Customers

How can financial service providers, such as banks, microfinance institutions, and mobile operators, design and provide products and services that poor customers will not only choose, but actively use? CGAP has learned that a focus on the customer is essential.

To that end, CGAP works to advance customer centricity, a way of designing products and services that begins with understanding the customer. For poor customers, this starts by recognizing their great diversity: While often defined by a single attribute – their poverty level – they are a diverse group of people and require a range of products and services.


Photo Credit: Solene Ducretot, 2014 CGAP Photo Contest

Access to financial services is central to financial inclusion, but it is clear that access without use is an incomplete financial inclusion result. People cannot benefit from financial services if they do not use them, and providers cannot generate income from their business activities when there is lack of use. For example, only 30 percent of registered mobile money accounts globally had been used at least once in three months, according to June 2013 data. Inactivity is not only an issue for mobile accounts; five of the largest retail banks in their domestic markets in Colombia, India, Kenya, Mexico and South Africa reported suffering from dormancy rates ranging from 20 to 90 percent in different account categories.

Becoming a customer-centric institution is not easy, and often involves completely shifting the way a financial service provider operates. However, analysts of successful business models across industries agree that customer-centric providers tend to fare better in the long run, as they are better at retaining customer loyalty and identifying and meeting evolving demand. But does this work for low-income customers, where margins are thin? We believe that it does, and that customer-centricity at the base-of-the-pyramid is a critical ingredient for success.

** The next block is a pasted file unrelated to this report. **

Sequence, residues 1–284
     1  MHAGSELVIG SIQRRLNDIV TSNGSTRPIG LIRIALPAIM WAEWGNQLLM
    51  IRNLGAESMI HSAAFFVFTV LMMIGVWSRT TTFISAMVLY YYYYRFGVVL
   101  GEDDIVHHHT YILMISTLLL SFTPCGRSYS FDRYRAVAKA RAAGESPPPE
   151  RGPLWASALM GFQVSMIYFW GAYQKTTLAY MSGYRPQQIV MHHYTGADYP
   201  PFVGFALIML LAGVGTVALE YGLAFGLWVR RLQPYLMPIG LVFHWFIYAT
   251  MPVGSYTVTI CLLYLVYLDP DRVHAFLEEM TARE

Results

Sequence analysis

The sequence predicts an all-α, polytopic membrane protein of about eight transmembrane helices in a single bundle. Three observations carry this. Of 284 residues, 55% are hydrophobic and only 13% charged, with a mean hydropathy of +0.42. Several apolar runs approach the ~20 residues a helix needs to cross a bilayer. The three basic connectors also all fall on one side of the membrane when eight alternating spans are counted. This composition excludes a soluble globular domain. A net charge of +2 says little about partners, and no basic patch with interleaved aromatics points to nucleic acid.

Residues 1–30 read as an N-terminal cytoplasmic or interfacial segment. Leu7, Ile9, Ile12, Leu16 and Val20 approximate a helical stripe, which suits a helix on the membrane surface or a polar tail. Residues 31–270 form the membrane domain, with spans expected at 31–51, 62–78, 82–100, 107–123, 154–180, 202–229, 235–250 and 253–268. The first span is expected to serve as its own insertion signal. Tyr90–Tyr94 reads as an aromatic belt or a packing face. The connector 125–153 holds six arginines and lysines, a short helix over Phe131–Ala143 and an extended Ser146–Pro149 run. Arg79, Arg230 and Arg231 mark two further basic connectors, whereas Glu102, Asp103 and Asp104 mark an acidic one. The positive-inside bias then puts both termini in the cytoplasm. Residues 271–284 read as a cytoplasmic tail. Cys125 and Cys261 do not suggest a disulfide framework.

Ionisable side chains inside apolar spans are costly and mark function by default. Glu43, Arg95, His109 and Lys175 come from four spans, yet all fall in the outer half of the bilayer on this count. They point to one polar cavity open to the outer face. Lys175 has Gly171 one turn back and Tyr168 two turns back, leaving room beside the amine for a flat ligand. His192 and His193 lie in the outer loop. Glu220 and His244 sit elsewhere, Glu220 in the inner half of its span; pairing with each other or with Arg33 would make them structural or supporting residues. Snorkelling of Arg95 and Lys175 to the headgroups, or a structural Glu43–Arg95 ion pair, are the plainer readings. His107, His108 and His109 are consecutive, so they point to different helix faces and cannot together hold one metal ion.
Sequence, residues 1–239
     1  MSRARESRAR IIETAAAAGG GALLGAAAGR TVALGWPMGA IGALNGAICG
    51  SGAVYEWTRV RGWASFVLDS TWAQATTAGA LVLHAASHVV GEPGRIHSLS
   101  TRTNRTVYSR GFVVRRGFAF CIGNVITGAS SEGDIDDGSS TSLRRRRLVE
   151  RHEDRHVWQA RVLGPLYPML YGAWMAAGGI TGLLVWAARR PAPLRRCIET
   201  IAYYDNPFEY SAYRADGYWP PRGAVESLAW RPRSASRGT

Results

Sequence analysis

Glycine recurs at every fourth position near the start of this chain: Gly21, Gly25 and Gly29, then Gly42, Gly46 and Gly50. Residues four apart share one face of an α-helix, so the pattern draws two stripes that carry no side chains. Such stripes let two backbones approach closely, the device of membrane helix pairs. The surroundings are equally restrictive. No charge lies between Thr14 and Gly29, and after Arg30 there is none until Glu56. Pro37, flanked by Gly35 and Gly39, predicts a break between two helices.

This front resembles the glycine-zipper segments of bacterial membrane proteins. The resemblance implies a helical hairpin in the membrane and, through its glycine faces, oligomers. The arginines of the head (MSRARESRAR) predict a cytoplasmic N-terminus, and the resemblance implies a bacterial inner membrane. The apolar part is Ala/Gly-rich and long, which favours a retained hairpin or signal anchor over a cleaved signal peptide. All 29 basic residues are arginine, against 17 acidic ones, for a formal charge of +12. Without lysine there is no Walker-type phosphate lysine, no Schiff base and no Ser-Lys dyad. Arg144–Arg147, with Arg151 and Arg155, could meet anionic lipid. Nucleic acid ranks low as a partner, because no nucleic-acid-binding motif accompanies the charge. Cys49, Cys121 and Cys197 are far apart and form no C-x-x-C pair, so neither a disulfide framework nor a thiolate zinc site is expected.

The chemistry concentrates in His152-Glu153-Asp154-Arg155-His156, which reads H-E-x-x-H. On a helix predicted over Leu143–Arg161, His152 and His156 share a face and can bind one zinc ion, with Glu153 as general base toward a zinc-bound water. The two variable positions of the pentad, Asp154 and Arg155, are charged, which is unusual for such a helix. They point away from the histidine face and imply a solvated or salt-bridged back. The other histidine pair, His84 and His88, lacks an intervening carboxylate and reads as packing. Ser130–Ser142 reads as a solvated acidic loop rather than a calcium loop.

CGAP supports financial service providers in the adoption of the customer-centricity approach through research, resources and partnerships. Working closely with financial service providers, we hope to understand the institutional mechanisms that impede customer centricity, and support providers toward outcomes that benefit customers as well as providers. CGAP studies approaches to obtaining and integrating customer insights, including Human-Centered Design, segmentation and more.

Insights from these efforts will culminate in The Guide to Customer Centricity as a Business Model – a resource for financial service providers on the journey to customer centricity. The Guide will focus on the five pillars of customer centricity: leadership, empowered employees, a customer-centric operating model, customer experience, and value creation. Customer is at the core of these pillars. This combines insights and design of products, channels and other services, to continuously ensure a positive experience for empowered customers. The final focus of the Guide is on understanding and measuring the value for all stakeholders in the financial inclusion process, starting with the customer, the service provider and stakeholders (staff, management, investors), and including the value for society as a whole.

Resources

Contact: Gerhard Coetzee

Publications

19 April 2017
Insights gained from Mystery Shopping exercises can be critical for regulators and supervisors charged with overseeing DFS markets.
Download PDF: 
English (24 pages)
18 April 2017
Generating greater value for customers is good for business. Research from a developed market context has found that customer retention leads to a decrease in operating costs, while a decrease in customer satisfaction leads to a decrease in return on investment.
Download PDF: 
English (4 pages)

From Our Blog

Tanzanian smallholder farmer Jaconda Chengula sits atop her maize harvest.
22 June 2017
National surveys in Mozambique and Tanzania show that women in agriculture do not diversify their incomes as much as men do. Equal access to financial services could help women to generate new sources of income.
08 June 2017
Agents are an important element of mobile financial services, but managing a large agent network can be challenging. In Paraguay, SMS messaging proved a cost-effective solution.